In his letter to the editor (“Voting Against Obama,” September 12), David R. Carlin writes as if the current presidential election were a referendum on the issue of abortion. It is not. The tenor of Carlin’s argument suggests that a John McCain presidency would lead to the end of legal abortion in America. It wouldn’t.

McCain has made several promises about what he would do as president. I have yet to hear him pledge that he would end the practice of abortion. He can’t; he won’t. If I believed that he would bring a stop to all abortions in America, I could vote for McCain. But that is not the case. I will not vote for him because with respect to all the prolife issues over which the president has real control, McCain is on the wrong side of the argument. He strongly backed and continues to back the unjust war in Iraq. Because he believes the world’s problems can be solved by the use of U.S. military power, he would all too quickly embroil the armed forces in other ill-conceived missions. McCain does not endorse universal health care, another project important to those who wish to promote a culture of life. His tax plans favor the rich at the expense of the poor. His voting record does not indicate that he would take strong measures to protect the environment.

Obama, by contrast, spoke out against the war in Iraq before it began. He understands that the battle against terrorism cannot be fought the way World War II was fought. In Obama, the poor have a strong advocate. He sees health care as a basic right, and his policies would give all children the opportunity to receive a quality education. Because Obama is strong on these and other prolife and social-justice issues on which the president can have a significant influence, my wife and I, both prolife Catholics, will be voting for him.

Philadelphia, Pa.



In your editorial “Into the Home Stretch” (September 12), you write, “Although Obama has spoken of the need for compromise on abortion, the party platform seemed to move in the opposite direction.”

I have not read the Democratic Party platform, but an article in the September 5 National Catholic Reporter seems to contradict your judgment: “This year, for the first time, the Democratic Party platform, using language that urges the reduction of abortions, specifically addresses ways to provide support to pregnant women who want to carry their pregnancies to term. The platform promotes accessible pre- and postnatal health care, help with parenting skills, income support and adoption programs.” I’d appreciate your comment on this.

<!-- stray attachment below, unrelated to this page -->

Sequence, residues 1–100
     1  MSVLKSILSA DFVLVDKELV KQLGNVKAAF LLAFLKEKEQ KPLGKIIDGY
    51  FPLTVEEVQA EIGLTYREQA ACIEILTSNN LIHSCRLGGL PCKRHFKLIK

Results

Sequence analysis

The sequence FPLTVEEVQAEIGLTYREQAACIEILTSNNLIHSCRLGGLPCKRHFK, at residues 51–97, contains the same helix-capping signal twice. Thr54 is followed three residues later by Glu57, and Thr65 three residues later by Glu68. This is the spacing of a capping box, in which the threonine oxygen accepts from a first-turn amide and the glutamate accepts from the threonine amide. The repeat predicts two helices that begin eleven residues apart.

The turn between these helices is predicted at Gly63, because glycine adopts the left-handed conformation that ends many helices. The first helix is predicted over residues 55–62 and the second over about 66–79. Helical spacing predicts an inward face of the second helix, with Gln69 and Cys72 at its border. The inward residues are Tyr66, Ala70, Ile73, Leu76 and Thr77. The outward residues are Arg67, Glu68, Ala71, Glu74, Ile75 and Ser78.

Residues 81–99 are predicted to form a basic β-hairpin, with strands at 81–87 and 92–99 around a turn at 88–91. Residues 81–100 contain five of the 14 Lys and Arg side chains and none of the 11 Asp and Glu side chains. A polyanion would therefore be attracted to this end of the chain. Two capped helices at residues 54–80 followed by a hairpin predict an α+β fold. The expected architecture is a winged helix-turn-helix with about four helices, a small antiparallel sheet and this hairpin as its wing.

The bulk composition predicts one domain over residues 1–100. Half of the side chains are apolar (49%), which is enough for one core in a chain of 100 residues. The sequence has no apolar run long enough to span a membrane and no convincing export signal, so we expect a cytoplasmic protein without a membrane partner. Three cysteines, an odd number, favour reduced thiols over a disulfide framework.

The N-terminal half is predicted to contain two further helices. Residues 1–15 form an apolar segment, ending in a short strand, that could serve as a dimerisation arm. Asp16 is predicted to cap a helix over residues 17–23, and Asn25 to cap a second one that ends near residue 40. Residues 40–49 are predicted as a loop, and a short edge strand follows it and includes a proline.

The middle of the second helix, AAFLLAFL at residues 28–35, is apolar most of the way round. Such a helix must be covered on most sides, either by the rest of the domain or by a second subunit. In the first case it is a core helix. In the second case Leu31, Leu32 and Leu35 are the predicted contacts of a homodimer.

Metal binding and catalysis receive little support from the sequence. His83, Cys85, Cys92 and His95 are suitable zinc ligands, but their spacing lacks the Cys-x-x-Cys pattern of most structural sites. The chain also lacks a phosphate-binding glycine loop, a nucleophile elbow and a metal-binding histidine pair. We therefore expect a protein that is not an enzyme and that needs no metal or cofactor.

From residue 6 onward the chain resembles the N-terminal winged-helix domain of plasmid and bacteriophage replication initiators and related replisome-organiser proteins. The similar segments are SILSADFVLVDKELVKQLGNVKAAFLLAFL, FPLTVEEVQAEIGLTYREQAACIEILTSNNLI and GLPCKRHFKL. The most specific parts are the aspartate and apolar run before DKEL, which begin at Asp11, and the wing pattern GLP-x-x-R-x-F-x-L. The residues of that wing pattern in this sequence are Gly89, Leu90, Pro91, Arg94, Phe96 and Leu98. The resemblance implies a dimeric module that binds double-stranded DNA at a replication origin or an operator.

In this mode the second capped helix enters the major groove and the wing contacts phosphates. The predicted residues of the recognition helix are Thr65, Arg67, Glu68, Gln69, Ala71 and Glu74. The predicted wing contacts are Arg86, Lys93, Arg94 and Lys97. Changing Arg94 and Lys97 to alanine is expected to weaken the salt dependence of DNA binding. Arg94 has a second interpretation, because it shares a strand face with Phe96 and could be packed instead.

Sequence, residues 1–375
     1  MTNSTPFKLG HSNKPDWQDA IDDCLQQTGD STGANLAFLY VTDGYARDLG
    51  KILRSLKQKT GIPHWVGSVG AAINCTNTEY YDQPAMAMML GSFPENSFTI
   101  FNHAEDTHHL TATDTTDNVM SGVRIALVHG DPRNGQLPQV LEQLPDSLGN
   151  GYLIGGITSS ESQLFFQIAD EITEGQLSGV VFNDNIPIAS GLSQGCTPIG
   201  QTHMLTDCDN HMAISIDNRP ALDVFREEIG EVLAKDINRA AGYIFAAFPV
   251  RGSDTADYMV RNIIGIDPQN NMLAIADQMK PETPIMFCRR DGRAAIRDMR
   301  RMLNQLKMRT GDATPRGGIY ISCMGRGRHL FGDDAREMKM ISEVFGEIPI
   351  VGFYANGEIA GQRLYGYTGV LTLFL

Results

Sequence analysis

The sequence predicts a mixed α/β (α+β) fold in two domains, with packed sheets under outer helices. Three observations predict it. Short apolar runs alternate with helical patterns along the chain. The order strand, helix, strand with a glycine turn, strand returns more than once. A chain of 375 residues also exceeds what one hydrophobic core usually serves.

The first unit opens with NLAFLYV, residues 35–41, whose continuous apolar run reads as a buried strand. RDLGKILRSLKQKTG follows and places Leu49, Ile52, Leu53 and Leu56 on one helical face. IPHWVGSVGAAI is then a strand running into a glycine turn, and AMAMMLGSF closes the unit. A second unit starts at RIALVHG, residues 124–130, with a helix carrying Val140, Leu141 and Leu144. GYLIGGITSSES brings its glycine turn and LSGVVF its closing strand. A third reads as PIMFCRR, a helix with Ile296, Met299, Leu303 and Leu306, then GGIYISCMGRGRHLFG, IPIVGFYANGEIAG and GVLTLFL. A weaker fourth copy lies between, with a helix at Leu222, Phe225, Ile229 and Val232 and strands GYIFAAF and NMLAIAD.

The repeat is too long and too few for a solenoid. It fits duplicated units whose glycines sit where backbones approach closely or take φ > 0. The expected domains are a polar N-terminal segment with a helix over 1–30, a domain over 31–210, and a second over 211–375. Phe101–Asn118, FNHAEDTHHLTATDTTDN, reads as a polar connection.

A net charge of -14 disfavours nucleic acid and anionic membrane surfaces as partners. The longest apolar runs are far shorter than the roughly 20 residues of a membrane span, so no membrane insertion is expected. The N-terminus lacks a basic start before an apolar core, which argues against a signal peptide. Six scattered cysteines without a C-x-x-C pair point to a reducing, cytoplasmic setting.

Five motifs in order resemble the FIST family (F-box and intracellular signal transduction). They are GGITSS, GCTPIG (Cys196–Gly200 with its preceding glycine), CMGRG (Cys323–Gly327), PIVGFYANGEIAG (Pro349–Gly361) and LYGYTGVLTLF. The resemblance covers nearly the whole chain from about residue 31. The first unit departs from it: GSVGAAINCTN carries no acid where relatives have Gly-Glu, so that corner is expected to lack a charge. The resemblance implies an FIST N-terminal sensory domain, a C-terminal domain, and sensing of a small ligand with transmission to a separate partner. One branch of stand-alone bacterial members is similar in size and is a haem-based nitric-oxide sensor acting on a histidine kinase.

Petersburgh, N.Y.



There is no language in the plank on abortion in the Democratic Party’s platform that calls for a reduction in the number of abortions. (There is a sentence calling for a reduction of the “need” for abortion, which makes a very different point.) In fact, language in the party’s 2000 and 2004 platforms urging that abortion be made “rare” was removed from the current platform at the insistence of abortion-rights groups. It is true that the plank now urges support for women who want to carry their pregnancies to term, and for government programs to support those women and their children. But the Democratic Party’s support of government health and social-welfare programs for women and children is hardly new, even if including such language in the abortion plank is. If this is considered a significant step forward in Democratic Party abortion policy, it only calls attention to how far the party has to go. In our judgment, the prolife Democrats involved in negotiating with the Obama campaign about the abortion plank got steamrolled by abortion-rights advocates, who were determined to exclude any language in the plank that could conceivably be construed as critical of the Roe v. Wade decision and current abortion practice in this country.